It looks like you're using an Ad Blocker.

Please white-list or disable in your ad-blocking tool.

Thank you.


Some features of ATS will be disabled while you continue to use an ad-blocker.


Orbital Mechanics 101

page: 2
<< 1   >>

log in


posted on May, 5 2009 @ 04:50 PM
Thanks for your kind words!

Yea the space elevator idea would be neat, but that is another thread.

What is your major?

posted on May, 5 2009 @ 07:05 PM
Ive completed with a degree in geophysics. Wondering what i should do for post-graduate studies at the moment, as there are very little jobs going round for graduates these days.....

posted on May, 5 2009 @ 10:39 PM
reply to post by nzldude

Not much happening with petroleum exploration these days? That seems a bit surprising.

Sorry about going OT but it will help keep the thread alive.

posted on May, 6 2009 @ 03:59 AM
reply to post by Phage

Yea, thanks for trying to keep the thread alive, although there isn't much to talk about, lol it is kinda a 'read only' thread, you know what I mean?

posted on May, 6 2009 @ 05:37 PM
Here is a nice site where you can track in real time spacecraft and satellites.

posted on May, 9 2009 @ 07:13 PM
Bumping to get the thread excited again....

A fellow ATSer in another thread had questions about HOW Apollo got to the Moon without a disastrous fly-by and loss of the vehicle, based on the "lack of computing technolgy" at the time (late 1960s).

Rather than deflecting that thread, I'm putting this video here (it tends to graphically depict what the OP put into his beginning info).

I'm still hunting for a graphical representation of the mechanics of TLI and subsequent insertion into Lunar orbit once arriving.

The member's erroneous impression that the Apollo spacecraft system was too massive to be maneuvered is at the crux of his confusion. (Of course, the Shuttle is heavier, as we know...)

posted on May, 9 2009 @ 07:16 PM
reply to post by weedwhacker

Excellent my friend... Oh and sorry about that u2u, I meant to send it to someone else, but you are always welcome too!lol.......

Maybe you should refer that member here.....I am glad to see some people aren't board to death with these more educational and scientific topics!

Thanks to you and Phage for bumping the thread!

posted on Jun, 18 2009 @ 07:32 PM
Little bump and addition..Here is a nice example of perigee and apogee...

posted on Jun, 18 2009 @ 08:33 PM
Could somebody please explain to me the physics behind an observation of mine that I made a while ago when browsing through a table of planetary data ... I'm sure there's a perfectly valid scientific explanation but darned if i know what it is !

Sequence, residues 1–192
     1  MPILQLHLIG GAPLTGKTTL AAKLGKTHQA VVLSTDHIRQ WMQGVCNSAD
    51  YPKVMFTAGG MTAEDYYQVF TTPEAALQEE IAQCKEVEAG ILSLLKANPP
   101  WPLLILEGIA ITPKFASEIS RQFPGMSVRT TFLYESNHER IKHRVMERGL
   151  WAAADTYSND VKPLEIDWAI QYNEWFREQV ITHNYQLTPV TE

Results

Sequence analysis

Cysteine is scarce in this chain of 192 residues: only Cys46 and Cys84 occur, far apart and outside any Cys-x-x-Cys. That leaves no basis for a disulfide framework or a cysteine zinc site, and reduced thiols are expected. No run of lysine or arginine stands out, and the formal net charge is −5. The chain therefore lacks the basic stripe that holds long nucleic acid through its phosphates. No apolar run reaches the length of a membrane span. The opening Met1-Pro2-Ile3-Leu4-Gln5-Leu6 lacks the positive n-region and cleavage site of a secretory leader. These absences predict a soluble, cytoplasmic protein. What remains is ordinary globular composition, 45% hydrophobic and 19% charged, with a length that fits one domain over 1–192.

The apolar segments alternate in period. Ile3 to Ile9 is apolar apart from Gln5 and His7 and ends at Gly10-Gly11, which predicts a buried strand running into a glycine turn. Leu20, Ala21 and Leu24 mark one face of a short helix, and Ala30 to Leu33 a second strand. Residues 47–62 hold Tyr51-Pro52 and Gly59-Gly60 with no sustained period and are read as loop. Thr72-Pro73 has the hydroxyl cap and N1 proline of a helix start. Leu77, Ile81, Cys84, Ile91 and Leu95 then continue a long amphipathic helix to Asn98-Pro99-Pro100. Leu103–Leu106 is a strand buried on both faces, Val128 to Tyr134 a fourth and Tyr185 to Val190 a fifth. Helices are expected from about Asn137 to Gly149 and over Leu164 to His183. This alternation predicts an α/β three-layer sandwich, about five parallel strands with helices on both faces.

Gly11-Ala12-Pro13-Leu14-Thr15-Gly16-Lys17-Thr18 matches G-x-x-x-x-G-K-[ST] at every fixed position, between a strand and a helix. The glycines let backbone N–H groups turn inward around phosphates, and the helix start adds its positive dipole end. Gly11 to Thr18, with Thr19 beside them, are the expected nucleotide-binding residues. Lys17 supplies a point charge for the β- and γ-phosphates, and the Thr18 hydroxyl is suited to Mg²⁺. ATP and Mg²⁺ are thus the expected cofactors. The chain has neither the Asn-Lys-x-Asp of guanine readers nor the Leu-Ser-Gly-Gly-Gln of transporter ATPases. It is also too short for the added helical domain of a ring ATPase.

If you perform a simple mathematical process on the orbital velocity of any body (planet or smaller body) that is in orbit around the sun and it's orbital radius, then you ALWAYS get a value of approx 885 give or take a very small percentage ... which begins to start looking like some kind of constant if you perhaps were to use extremely accurate data.

k = r[adius] x v[elocity](squared)

here's some examples:

- mean distance from sun = 0.39AU
- mean orb vel = 47.89 km/s
k = 894

- mean distance from sun = 0.72AU
- mean orb vel = 35.03 km/s
k = 883

- mean distance from sun = 1AU
- mean orb vel = 29.79 km/s
k = 887

- mean distance from sun = 1.52AU
- mean orb vel = 24.13 km/s
k = 885

- mean distance from sun = 5.2AU
- mean orb vel = 13.06 km/s
k = 886

- mean distance from sun = 9.54AU
- mean orb vel = 9.64 km/s
k = 886

- mean distance from sun = 19.18AU
- mean orb vel = 6.81 km/s
k = 889

- mean distance from sun = 30.06AU
- mean orb vel = 5.43 km/s
k = 886

And this also seems to apply to smaller objects:

- mean distance from sun = 2.7659 AU
- mean orb vel = 17.882 km/s
k = 884

- mean distance from sun = 39.44 AU
- mean orb vel = 4.74 km/s
k = 886

- mean distance from sun = 43.335 AU
- mean orb vel = 4.484 km/s
k = 871

So this "k" value looks to be in the vicinity of an average of 885

Am I completely of base by suggesting that it looks like you can get a very close estimate of a bodies orbital distance (radius) simply by dividing this k value by it's velocity (squared)


a very close estimate of a bodies orbital velocity by dividing this k value by it's orbital radius ?

From the above calculations, it appears that this is a reasonable statement to make (unless I'm missing something really obvious) ... so that begs the question, why isn't the effect of gravity required to be taken into consideration (Newtons gravity equation) as all that seems to be needed is the orbiting bodies velocity or distance and what seems to be (almost) a constant value ?